Sunday, June 24, 2012

The Immune System: Explanation

“The immune system is a system of biological structures and processes within an organism that protects against disease. To function properly, an immune system must detect a wide variety of agents, from viruses to parasitic worms , and distinguish them from the organism’s own healthy tissue.”

From Wikipedia, the free encyclopedia.

Yeah, thanks Wikipedia. I could never have made this post without the help of your simple and clear explanations. I’m really grateful.

No, seriously, Wikipedia was quite helpful.

Anyhow, what Wikipedia was trying to say was that the immune system is made out of many different cells and body parts that protects a person from nasty viruses and bacteria. If the immune system is working properly, it should kill the enemies and not the body itself, which is kind of obvious. 

Almost every living thing has a  immune system, even bacteria, who have only one cell inside of them. This is so that every living organism gets to be able to defend themselves from getting infected with a disease.The only exception might be viruses because they don’t need to protect themselves, since they are the one doing all the infecting. Still, scientists are still discussing whether a virus is a living thing, because the only thing a does is infect people, just like a programmed machine.

Anyway, I am only going to be talking about the human immune system. There are basically 3 parts to a immune system. Red blood cells, White Blood cells, and Platelets.

Red blood cells are useless to defending the body. They float around pointlessly, and it is very easy for the virus/bacteria to take control of them to make more viruses and bacteria. Red blood cells are only useful in the circulatory system. They help distribute oxygen from the lungs to different parts of the body through the bloodstream, which is the only reason why they are worth saving.

White blood cells are the soldiers in the battle against the endless wave of virus/bacteria, who want to take control of your cells to make more of themselves so that they can attack other helpless creatures. They are the army that defends the body and the helpless red blood cells. And like any good army, there are different types of white blood cells, just like there are different types of soldiers.

  • The majority of the white blood cells are called neutrophils. Neutrophils are like guards protecting the wall of their kingdom. However, in this case, they are protecting the body. They will look for signs of infection in the body that means that viruses and bacteria can enter.  Neutrophils will help defend the body by eating the bacteria. But once they do eat a bacteria, this weird thing happens. They die. I’m not even kidding. They literally die. They can handle small amounts of bacteria but obviously, they won’t be able to hold back large amounts of viruses and bacteria, and you might be thinking that you are going to drop dead any second now, but there is no need to worry, for you still have your Lymphocytes.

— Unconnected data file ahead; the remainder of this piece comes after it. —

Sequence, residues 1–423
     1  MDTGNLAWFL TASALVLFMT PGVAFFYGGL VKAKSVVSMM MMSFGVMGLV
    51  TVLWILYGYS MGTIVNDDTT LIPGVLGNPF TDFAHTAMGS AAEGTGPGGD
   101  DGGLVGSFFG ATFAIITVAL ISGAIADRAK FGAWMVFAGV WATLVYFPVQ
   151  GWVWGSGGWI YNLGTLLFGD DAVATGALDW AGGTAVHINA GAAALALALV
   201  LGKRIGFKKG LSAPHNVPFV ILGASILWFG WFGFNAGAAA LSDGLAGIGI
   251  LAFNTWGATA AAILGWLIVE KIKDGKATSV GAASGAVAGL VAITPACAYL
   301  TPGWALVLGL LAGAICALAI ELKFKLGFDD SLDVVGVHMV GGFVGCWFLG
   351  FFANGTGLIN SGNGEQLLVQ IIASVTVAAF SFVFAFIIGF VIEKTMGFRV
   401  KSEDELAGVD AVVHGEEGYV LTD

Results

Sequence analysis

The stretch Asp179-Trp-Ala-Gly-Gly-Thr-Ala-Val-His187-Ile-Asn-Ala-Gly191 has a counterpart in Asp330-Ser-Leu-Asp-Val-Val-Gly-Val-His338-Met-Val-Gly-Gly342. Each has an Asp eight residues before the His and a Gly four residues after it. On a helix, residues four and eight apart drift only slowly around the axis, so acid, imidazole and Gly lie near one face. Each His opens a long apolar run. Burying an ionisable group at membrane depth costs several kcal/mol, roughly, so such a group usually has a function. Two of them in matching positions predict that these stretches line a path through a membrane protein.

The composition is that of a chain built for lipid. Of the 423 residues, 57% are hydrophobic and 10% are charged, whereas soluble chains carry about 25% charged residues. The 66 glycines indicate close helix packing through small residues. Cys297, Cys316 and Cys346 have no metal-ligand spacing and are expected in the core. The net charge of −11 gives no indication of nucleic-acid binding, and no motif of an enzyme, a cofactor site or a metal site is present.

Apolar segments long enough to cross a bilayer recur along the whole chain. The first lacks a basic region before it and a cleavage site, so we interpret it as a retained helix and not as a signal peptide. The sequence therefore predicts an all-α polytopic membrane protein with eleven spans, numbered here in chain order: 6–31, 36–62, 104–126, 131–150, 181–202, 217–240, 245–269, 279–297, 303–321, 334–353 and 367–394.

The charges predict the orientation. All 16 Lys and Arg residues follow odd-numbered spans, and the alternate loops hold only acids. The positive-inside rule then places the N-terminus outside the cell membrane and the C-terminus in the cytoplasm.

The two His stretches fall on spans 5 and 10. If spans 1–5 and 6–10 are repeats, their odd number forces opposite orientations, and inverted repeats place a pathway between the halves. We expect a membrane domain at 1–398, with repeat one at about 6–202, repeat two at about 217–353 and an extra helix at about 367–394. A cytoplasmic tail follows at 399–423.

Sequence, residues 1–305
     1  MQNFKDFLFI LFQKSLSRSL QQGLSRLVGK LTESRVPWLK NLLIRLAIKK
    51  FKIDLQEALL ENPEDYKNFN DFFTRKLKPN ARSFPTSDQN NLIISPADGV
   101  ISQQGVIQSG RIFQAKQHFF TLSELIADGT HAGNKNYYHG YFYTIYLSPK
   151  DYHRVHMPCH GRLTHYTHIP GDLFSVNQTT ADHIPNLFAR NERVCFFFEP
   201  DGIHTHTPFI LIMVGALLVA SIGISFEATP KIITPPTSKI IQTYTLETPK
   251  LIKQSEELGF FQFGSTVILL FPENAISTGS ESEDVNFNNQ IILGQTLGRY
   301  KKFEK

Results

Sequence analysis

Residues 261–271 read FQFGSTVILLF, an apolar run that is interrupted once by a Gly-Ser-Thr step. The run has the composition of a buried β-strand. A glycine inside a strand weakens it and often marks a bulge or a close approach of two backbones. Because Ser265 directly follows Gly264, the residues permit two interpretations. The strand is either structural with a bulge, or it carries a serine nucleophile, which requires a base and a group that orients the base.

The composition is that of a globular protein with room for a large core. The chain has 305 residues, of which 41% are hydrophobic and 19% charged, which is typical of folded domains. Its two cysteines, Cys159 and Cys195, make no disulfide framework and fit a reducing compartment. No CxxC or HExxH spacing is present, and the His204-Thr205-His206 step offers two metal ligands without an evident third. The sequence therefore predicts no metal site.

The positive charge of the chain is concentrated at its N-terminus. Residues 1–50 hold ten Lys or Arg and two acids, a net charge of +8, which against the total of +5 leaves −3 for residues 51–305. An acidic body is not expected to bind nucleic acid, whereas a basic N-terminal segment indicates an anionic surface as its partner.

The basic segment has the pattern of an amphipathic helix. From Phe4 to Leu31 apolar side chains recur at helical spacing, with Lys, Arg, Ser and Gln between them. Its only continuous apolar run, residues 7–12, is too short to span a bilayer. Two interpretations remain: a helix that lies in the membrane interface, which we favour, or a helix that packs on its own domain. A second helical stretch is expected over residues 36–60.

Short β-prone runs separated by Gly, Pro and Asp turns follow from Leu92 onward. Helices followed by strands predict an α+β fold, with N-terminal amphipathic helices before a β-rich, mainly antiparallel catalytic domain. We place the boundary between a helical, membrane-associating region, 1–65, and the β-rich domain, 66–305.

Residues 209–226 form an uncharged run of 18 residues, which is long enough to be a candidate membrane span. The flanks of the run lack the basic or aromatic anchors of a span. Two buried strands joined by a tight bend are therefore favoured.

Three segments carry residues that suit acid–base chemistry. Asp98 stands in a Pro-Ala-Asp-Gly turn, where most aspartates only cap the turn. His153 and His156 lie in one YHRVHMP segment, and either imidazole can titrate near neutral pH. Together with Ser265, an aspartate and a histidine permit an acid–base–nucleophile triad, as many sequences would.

• The Lymphocytes are split into three different categories. These are the B cells, the T helper cells and the T killer cells. Remember, the T helper and T killer cells are very different. In fact, I really don’t know why they are grouped together. (Correction: I’ve just learned that they are grouped together because they are both born in the thymus, a body part in the chest area) Anyway,  the T helper cells will alert the B cells and the T killer cells. The B cells are strategists and the T killer cells are the warriors. Why do I say that? Well, the B cells shoot antibodies at the bacteria. What are antibodies? Antibodies are like little targets for the T killer cells.  Antibodies tell the T killer cells that they should eat the bacteria. The T killer cells then know which bacteria the B cells want them to kill, and then the T killer cells will eat them up. (without dying)

If you find this all a bit confusing, you might want to think of them all as just white blood cells. Some of them alert others, some of them mark the bacteria, and some eat the bacteria up. There are also other types of white blood cells, but I shall not talk about them, mostly due to space constraints, but also because I am far too lazy to talk about them. Mwahahahaha…

Yeah, that wasn’t funny.

Finally, there are platelets. Platelets are like your body’s natural plasters. When you get an injury, all sorts of bacteria and viruses can get in. Your body can hold them off for a while, but eventually they will run out of white blood cells. This is why platelets are important. They will fix your skin and stop you from bleeding. Otherwise, every small cut that you get would lead to your doom. Platelets block infection and gives the immune system time to regenerate.

And that’s basically all for now. Wow, this must be the longest explanation I have ever done. Anyway, the next time, we will be learning about the different diseases that the immune system can face and how it can be prevented.  So be sure to check back soon.

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